At the second annual conference on improving the quality of higher education, which was held at Capital Hotel on Thursday, former Ethiopian Minister of Education, Genet Zewdie (PhD), announced the launch of a new foundation to advocate for the rights of women and girls in Ethiopia.
“Education is a powerful element to equalize people,” she said. “Education has two objectives, to produce well-trained manpower and to democratize society.”
The foundation is to have three objectives, according to the erstwhile minister. To produce a women’s academic journal, train women leaders on how to apply for grants and author a book that is representative of all ethnicities with a feminist twist.
The former minister, a onetime Addis Ababa University lecturer and ambassador to India, reflected on her own journey, where she saw few females ascended to full professorships or as presidents of universities.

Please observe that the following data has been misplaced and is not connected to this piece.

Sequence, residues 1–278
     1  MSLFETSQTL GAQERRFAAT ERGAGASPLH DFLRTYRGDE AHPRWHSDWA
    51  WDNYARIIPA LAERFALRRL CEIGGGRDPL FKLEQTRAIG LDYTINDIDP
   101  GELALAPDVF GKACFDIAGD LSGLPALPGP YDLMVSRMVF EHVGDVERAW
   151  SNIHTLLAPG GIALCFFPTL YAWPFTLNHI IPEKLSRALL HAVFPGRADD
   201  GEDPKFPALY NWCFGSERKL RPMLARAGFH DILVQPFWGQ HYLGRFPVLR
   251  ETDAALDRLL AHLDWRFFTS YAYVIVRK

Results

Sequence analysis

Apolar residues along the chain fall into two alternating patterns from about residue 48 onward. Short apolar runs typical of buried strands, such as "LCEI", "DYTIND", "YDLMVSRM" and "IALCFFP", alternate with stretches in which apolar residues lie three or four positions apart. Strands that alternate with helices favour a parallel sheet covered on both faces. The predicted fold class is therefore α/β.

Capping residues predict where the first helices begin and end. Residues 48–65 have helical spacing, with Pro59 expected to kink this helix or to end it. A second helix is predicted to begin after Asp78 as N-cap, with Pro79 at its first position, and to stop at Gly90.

“In the 70-year history of the Addis Ababa University, there have only been two; yes two female full professors,” she said.
The German Cooperation had invited executives and deans and founders through its Sustainable Training and Education Programme (STEP), which is implemented by Deutsche Gesellschaft für Internationale ZUsammenarbeit (GIZ) GmbH. They had speakers and a slew of experts in the area of education from Germany, Armenia and the United States.
The German government has increasingly been spending resources in Ethiopia to expand vocational and technical training that will complement the economic needs of the nation. For Germany, this is widely seen as a strategic plan to help curb mass migration to Europe.
The conference was seen as a hub for educators to advocate for a uniform and universal Ethiopian quality education to help citizens gain skills and have them become employable so that they no longer have to take the risk of the crossing Mediterranean Ocean and reach the soils of Europe looking for opportunities.
Ethiopia has increasingly placed high-level emphasis on access to education with little regards to its quality with over two dozen higher institutions and more private colleges opened in the last two decades.